By Tennessee Williams
Directed by Richard Baron
Venue: Yvonne Arnaud Theatre
Date: Wednesday 8th November 2006
I didn’t remember much of the previous production I saw, so this was a very interesting one to see. The bulk of the first act is down to Maggie, the cat of the title, all jumpy because her husband hasn’t given her a child yet, and she sees her comfortable life slipping away if Big Daddy leaves his estate to the well-offspringed brother-in-law. For a women who has clawed her way up from close to the gutter, it’s not an appealing prospect. Her husband, Brick, doesn’t have a lot to say for himself in this act, but he makes up for it later on. All the performances were good. I didn’t notice much slippage in the accent department, although I’m no expert, and the reading of the play worked well for me. I could see who the characters were loud and clear, and the production was balanced enough not to take sides – just as well, since few of the characters get anywhere near likeable. It says a great deal for Tennessee Williams’ skill as a playwright that it can be so fascinating to sit and watch so many unpleasant people for nearly three hours.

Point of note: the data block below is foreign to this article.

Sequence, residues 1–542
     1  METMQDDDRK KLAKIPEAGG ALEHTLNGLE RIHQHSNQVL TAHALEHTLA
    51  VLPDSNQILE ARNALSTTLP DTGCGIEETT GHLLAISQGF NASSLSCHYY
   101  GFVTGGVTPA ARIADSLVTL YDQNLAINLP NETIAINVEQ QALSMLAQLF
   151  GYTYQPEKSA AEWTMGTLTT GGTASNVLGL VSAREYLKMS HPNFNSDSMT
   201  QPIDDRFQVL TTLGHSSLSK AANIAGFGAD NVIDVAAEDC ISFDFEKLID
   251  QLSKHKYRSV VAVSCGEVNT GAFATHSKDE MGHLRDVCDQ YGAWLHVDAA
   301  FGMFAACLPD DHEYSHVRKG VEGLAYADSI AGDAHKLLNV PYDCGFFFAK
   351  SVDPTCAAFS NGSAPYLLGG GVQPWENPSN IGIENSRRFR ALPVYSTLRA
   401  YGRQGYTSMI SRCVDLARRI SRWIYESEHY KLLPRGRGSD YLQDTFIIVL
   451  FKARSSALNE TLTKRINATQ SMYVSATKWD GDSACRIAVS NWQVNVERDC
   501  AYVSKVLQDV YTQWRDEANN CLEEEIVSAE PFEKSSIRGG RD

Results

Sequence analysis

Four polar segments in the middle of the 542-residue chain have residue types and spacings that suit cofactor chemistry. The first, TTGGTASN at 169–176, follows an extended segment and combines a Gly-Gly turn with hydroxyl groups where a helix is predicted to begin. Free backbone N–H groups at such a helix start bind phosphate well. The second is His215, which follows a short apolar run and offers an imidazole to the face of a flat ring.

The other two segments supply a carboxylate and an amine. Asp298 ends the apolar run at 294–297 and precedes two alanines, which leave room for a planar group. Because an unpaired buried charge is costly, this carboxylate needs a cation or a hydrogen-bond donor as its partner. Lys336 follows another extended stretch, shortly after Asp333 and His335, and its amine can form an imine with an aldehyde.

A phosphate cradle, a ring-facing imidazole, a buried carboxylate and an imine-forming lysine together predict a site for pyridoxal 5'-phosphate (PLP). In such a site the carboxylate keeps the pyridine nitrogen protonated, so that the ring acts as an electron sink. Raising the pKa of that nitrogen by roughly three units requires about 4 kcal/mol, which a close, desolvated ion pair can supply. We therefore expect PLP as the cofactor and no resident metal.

The revelations over the next two acts were unsurprising, but the presentation made them very watchable. I was especially moved by Big Daddy’s stories of his time abroad, and the abject poverty he witnessed. Brick’s despair and grief were obvious, and I liked the nice tussle between him and Maggie over the pillow. He kept putting it on the couch where he’d been sleeping since his friend died, and she kept returning it to the bed, where she wanted him to be. God knows what any child born into that family would have to put up with (now there’s and idea for a sequel). It’s a shame this wasn’t better attended, but fortunately there were lots of younger people there who may have got an insight into more powerful drama than we usually get on stage, and even on TV.
© 2006 Sheila Evans at ilovetheatre.me